You want to collaborate on a project, potentially with people from around the world.
You want to encourage your students to work together through social networking.
You need a platform which is easy to manage.
You want it to be user friendly so that partners can contribute easily.
You know there are lots of social networks available, but which one would best suit your needs?
Benefits of using social media sites for teaching and learning
- student motivation through bonding with new peers and groups for support, creating a social community – particularly good for part-time, distance or flexible programmes
- creativity and personalisation
- gaining professional advantage
- empowers students to take ownership and responsibility for their own learning
- alters relationship between staff and students from one way to an ongoing two-way process
- some students feel more able to express themselves more fully and confidently, enabling concerns, issues and misunderstandings to be noticed when these might be overlooked in other teaching spaces
Risks when using social media sites for teaching and learning
- increased visibility brings exposure to vulnerability and potential for possible embarrassment or failure in a very public space
- loss of control
- encouraging staff and students to register and share personal information with social media sites, when we have a ‘duty of care’
- potential legal liabilities around libel, slander, defamation, breaches of copyright and IPR or commercial confidentiality
- social media tools have their own extensive terms, conditions and policies, which are often very long, difficult to understand and can change significantly with or without warning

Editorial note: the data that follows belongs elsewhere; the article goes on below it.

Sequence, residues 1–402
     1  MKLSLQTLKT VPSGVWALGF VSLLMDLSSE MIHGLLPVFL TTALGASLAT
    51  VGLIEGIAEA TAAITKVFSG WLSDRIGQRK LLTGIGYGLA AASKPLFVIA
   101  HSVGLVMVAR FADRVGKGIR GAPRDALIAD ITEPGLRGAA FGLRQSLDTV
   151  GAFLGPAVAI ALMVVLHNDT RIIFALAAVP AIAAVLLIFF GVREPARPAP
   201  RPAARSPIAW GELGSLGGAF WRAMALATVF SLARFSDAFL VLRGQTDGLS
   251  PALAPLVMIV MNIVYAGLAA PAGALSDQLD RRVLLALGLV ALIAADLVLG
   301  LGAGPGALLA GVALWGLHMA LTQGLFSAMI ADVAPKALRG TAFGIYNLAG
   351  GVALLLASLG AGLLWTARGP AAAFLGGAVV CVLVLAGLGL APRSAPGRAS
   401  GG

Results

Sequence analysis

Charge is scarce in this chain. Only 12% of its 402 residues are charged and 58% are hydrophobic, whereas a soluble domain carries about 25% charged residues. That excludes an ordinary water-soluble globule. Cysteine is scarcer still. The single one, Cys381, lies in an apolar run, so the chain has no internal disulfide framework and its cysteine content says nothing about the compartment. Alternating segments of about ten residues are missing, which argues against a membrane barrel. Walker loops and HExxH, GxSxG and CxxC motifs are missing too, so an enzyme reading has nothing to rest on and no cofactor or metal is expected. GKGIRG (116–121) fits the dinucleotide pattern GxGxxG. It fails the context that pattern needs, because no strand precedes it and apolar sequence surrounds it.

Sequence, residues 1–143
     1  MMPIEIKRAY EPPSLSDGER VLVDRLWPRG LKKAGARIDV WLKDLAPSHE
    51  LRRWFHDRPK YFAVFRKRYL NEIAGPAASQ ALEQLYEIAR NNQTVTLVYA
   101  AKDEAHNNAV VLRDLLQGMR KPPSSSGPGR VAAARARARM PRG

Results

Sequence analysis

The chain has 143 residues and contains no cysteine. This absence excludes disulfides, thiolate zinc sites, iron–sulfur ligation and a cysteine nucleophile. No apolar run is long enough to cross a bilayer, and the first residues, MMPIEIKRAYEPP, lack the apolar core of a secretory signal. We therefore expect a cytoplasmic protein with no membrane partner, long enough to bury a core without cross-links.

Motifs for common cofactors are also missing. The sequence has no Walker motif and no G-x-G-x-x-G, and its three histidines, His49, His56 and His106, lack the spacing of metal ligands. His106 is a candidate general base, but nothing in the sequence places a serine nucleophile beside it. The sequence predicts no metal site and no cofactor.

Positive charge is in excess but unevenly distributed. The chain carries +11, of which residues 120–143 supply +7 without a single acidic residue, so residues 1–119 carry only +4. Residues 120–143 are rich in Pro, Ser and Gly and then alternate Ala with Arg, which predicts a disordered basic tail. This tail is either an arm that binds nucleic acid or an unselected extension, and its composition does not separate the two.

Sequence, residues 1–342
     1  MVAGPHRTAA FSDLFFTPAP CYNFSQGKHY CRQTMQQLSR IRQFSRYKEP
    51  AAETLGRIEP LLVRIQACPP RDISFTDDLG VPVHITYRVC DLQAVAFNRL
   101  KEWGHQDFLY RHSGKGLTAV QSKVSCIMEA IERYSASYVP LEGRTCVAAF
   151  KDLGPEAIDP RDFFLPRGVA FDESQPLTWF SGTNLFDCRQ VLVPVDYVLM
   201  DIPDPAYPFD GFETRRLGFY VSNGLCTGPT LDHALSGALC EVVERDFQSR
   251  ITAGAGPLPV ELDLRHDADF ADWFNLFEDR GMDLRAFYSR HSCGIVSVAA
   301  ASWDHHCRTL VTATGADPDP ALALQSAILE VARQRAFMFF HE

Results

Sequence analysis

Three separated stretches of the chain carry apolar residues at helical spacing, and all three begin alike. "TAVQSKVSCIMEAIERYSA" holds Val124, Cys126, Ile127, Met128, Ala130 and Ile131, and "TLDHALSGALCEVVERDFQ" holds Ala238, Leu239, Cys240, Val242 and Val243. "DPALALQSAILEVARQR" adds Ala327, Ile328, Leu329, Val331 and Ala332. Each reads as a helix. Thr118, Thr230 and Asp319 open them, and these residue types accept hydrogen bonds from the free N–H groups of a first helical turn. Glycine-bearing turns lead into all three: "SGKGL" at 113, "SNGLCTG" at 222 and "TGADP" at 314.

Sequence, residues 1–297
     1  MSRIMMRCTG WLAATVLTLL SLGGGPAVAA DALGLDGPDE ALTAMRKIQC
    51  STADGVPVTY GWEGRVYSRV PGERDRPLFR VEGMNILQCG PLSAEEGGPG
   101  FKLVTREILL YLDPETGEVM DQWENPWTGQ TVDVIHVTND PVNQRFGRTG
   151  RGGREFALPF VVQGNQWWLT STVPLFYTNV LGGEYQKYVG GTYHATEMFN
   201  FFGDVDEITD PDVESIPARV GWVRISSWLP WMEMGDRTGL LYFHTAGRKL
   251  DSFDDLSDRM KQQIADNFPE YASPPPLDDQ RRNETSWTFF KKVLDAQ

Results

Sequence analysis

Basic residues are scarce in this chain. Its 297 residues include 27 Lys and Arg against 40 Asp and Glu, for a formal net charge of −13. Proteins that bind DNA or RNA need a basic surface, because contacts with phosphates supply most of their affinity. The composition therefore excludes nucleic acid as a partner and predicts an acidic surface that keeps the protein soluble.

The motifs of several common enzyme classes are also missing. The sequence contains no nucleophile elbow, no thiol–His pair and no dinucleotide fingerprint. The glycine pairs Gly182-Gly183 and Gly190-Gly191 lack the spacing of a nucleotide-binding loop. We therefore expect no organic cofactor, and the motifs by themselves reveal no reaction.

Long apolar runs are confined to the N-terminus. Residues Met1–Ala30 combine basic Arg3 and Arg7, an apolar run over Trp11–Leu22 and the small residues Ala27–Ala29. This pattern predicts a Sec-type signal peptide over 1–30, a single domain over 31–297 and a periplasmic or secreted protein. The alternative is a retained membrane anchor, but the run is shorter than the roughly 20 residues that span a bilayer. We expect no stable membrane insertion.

See the full article which also includes ideas for using social media sites for teaching and learning - “Using social media in education: Part 1: Opportunity, risk and policy”, Nicola Osbourne, Social Media Officer, EDINA (JISC)
http://www.ibm.com/developerworks/industry/library/ind-educ-social-media1/index.html (accessed 10th January 2013)
Plymouth University Policies and other guidance
- The University’s Social Media Strategy and guidance documents (login required)
- Copyright Guidance
- Intellectual Property Rights (IPR)
- Harassment and Bullying
- Personal Information and Data Protection
- Web 2.0 Resources
- Web 2.0 Tutor’s Legal Issues Checklist (2009)
- Legal Aspects of Web 2.0 and Social Networking (PPT) (2010)
Web2Rights – IPR and other Legal Issues Toolkits
Before you go public
- Try the tool with peers to identify any problems or concerns before going public. It’s also sensible to plan time for staff to create, maintain, monitor and reflect on social media presences to ensure they are taken seriously and staff feel they have ownership and responsibility
- It’s important to manage expectations – ensure students are clear as to which channels they are required to use and which are optional.
Social networking sites/ tools investigated for this project:-
- Facebook – http://www.facebook.com/
- Google+ Communities – http://plus.google.com
- Google Sites – http://www.google.com/sites/help/intl/en/overview.html
- Ning – http://uk.ning.com/
- SharePoint – http://sharepoint.microsoft.com/en-us/Pages/default.aspx
- WordPress – http://wordpress.com
- Moodle – http://moodle.org/
- shared message board/ forum
- sharing documents, images and videos
- sharing a calendar of events
- sharing maps
- ability to poll
The main research was conducted using a mac, but collaborators accessed sites from a range of devices including PC, iPhone, iPad and Android mobile and tablet.
Quick reference matrix of sites and features:
Social networking sites/ tools explored in detail:
- Facebook Groups
- Google+ Communities
- Google Sites
- SharePoint Collaborative Site